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By Greg Bellavia | June 9, 2005

Asian Horror. Going from 0 to 60 in a little under three years, the influence of Asian horror films is impossible to ignore given the international success of films such as A Tale of Two Sisters coupled with the tremendous box office earnings of American remakes such as The Ring and The Grudge. With Hollywood seemingly out of original horror ideas and forced to remake grindhouse hits from the seventies it seems as though there is no challenge to the East’s current claim for horror supremacy. Wanting to keep Asian Horror at the top of the horror food chain, super producer Takashige Ichise (The main backer for both “Ringu” and Ju-On) funded six new projects in the hopes of creating the next international blockbuster. The first of these projects released by Lions Gate Films is “Infection” which may not reach the heights of “Ringu” or “A Tale of Two Sisters” but nevertheless manages to remain creepy and effective for most of its running time.

In a run down hospital under repair, a skeleton crew of doctors and nurses try their best to deal with an overwhelming number of patients and dwindling supplies. However, while the situation may seem rough for the overworked staff things are about to get a lot worse. During the rush to save a burn victim, the wrong medicine is administered, killing him within seconds. Deciding that one mistake made by an exhausted group of medical workers is not worth their careers the rag tag group of employees agree to cover the accident up. This proves to be harder than they ever anticipated given the surprise appearance of Dr. Akai, (Shiro Sano) an older physician who suspects something is up, and a new patient in the ER whose skin rash will not stop spreading…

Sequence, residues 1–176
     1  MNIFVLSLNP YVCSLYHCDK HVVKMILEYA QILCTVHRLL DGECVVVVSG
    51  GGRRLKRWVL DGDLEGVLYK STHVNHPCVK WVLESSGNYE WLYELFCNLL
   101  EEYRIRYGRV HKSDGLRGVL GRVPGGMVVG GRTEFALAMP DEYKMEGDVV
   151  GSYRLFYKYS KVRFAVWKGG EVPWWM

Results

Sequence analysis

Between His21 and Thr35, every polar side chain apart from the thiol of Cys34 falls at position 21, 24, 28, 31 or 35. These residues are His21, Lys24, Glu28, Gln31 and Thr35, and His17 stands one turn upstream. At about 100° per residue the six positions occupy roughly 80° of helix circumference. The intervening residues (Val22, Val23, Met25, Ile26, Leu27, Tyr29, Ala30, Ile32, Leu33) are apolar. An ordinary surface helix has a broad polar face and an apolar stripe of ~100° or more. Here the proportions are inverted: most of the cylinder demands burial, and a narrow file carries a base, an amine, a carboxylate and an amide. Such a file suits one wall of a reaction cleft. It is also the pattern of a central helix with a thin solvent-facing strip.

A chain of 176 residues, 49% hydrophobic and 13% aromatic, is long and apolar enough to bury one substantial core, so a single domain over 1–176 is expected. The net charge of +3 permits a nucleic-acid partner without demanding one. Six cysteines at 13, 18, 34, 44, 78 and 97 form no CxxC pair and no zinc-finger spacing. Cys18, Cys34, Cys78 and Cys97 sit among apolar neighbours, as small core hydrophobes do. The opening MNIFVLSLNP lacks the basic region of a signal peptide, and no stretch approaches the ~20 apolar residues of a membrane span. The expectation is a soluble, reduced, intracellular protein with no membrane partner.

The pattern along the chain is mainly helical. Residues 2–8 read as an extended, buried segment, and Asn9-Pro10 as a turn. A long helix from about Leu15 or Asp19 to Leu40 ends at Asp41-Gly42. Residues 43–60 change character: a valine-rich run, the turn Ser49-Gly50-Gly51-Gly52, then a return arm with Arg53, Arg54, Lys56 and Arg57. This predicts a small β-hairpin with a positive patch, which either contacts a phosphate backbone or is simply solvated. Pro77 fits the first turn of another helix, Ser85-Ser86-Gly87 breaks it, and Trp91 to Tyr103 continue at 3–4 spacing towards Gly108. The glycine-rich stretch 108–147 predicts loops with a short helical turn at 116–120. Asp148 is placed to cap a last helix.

For about an hour, “Infection” hits all the right marks and remains a creepy exercise in both physical and psychological horror. The tense first half hour dealing with the mis-diagnosis of the burn victim is slowly drawn into the more supernatural horror of the patient with the rash which causes people to melt. As the various workers are infected with the mystery virus ravaging both their mind and body, their own inner demons come to surface in gruesome incarnations (my personal favorite is one nurse’s solution to the needle shortage…). Where “Infection” derails is in the last half hour where it seems the writers simply didn’t know how to end the story. Several late minute plot twists are more silly than scary and work against the building terror of the preceding hour.

Overall, “Infection” is definitely worth a look. It*s got a nice “Twilight Zone” level story and is told on a minimum budget to maximum effect. Hopefully the rest of Ichise’s new horror films can meet or even surpass the bar set by “Infection” which is in itself a welcome addition to the world of Asian Horror.

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